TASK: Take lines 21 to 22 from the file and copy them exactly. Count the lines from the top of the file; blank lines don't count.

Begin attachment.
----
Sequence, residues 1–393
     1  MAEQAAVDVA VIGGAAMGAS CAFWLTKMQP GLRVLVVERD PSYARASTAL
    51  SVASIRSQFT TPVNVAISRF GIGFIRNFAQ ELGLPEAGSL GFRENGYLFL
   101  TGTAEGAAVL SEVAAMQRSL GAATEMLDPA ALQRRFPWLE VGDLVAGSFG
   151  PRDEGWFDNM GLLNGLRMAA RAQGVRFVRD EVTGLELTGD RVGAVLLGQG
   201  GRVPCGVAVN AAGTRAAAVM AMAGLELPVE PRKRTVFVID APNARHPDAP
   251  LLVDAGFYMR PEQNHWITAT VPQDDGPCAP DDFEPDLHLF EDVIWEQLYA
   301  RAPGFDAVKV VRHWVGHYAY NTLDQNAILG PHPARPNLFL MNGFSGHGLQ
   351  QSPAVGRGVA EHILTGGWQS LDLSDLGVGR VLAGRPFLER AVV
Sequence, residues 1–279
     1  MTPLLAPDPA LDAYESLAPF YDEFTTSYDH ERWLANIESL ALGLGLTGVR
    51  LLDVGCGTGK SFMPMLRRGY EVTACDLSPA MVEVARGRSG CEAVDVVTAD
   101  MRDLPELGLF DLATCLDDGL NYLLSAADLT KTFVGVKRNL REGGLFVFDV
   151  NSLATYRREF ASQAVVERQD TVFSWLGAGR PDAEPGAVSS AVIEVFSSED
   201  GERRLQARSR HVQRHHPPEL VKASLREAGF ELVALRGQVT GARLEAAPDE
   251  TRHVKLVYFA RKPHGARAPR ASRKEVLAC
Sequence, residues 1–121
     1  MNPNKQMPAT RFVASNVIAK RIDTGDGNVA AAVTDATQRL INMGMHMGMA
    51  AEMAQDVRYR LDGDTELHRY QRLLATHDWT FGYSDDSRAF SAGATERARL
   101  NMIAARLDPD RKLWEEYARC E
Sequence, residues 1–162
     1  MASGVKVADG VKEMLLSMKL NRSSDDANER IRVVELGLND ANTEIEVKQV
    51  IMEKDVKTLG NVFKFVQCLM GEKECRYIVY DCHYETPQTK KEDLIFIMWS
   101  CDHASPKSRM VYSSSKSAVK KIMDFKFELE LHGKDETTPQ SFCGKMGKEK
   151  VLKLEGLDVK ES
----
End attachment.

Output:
Sequence, residues 1–162
     1  MASGVKVADG VKEMLLSMKL NRSSDDANER IRVVELGLND ANTEIEVKQV